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By M Victor and A H Ropper (Pp 547, US$39.95). Published by McGraw-Hill Companies, New York, 2002. ISBN 0-07-137351-9
Nearly 20 years ago I used books to learn my neurology in three stages. First was an introductory reading of the late Bryan Matthews’ Practical neurology, then a couple of years’ strap-hanging on the tube to learn the facts by reading the second edition of Adams and Victor’s large Principles of neurology, then back to Matthews for a dose of intuition. When I picked up this little manual of neurology nearly two decades later, I immediately recognised the distinctive descendant of my Principles of neurology. The chapter organisation, diagrams, and writing style have changed little over these years.
Principles of neurology was a wonderful book. So is the manual merely a pruned facsimile? It is based on the same two major parts. The first chapters on cardinal manifestations of disease are good and clinically insightful. But perhaps in this era they should start with the symptoms rather than with a long diatribe on the anatomy and physiology. The headache chapter contains clear accounts of tension headache and migraine, but there is no introduction about how to tell the two apart and how to differentiate them from more sinister headaches. The major pathological categories of neurological disease are organised predictably and reliably, as one expects from such authoritative authors; Raymond Adams has stepped down for this, the seventh edition. Some of the chapters are let down by old and gauntly reproduced computed tomograms. Why is it that publishers seem to find it difficult to reproduce brain imaging well? Alan Ropper’s touch as an expert neuromuscular physician shows through strongly in the chapters on nerve and muscle disease. The summary chapters on psychiatric disorders will be reassuringly understandable to neurologists but may lack sufficient discussion to court psychiatrists.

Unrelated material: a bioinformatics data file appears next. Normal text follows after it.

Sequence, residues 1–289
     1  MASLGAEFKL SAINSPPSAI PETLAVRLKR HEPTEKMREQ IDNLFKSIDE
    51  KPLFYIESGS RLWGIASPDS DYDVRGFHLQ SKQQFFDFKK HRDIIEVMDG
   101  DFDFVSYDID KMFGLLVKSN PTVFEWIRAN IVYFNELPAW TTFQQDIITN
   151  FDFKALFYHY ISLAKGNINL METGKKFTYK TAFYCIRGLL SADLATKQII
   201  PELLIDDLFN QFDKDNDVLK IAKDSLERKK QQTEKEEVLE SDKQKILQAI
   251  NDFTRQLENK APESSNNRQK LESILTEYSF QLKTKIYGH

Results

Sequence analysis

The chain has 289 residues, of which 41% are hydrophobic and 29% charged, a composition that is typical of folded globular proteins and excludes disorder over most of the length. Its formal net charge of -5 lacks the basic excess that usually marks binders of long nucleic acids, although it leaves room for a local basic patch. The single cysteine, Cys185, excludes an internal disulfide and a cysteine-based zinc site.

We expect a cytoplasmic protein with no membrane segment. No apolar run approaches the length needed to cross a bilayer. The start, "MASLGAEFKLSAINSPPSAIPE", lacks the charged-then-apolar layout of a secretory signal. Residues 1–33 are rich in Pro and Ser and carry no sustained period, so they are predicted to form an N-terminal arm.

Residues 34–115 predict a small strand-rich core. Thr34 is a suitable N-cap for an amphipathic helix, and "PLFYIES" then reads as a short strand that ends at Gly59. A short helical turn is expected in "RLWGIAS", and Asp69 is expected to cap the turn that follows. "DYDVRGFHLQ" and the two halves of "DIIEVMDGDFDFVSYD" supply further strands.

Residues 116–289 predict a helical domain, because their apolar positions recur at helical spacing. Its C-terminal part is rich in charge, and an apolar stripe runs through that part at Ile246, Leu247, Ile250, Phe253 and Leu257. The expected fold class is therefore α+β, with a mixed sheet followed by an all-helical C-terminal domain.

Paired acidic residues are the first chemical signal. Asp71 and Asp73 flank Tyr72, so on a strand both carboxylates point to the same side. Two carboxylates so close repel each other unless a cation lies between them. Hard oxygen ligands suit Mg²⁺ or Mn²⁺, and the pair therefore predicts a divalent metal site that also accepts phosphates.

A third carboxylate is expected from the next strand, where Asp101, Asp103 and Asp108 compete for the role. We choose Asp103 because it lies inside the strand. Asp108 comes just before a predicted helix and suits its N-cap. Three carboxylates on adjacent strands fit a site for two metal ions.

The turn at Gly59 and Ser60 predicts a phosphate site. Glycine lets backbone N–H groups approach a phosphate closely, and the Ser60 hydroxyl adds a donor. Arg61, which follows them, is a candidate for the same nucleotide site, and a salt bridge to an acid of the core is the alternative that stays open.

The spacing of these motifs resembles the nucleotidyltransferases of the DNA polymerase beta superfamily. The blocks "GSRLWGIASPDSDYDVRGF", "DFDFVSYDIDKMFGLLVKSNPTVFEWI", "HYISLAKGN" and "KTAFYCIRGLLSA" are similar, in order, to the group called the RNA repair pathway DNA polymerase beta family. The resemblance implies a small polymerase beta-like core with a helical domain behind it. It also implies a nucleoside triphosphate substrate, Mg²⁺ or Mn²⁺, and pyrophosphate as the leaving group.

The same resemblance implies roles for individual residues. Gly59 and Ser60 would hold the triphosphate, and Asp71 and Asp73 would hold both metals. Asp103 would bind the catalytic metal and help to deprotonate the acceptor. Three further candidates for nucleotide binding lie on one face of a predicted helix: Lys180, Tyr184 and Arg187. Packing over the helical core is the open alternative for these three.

Should small textbooks have a different philosophy from large ones? This is a condensed version of a large textbook and reproduces the same approach. In reality, despite being pocket sized, it is quite long at nearly 550 pages. It is for the junior trainee in neurology who is learning to trade in facts and who will be reassured by its presence in pocket or briefcase. “Last minuters” may use it for their Board exams. But I wouldn’t recommend it for medical students because it is not the starting point from which to gain the intuition or perspective about those few neurological problems that constitute the majority of neurology.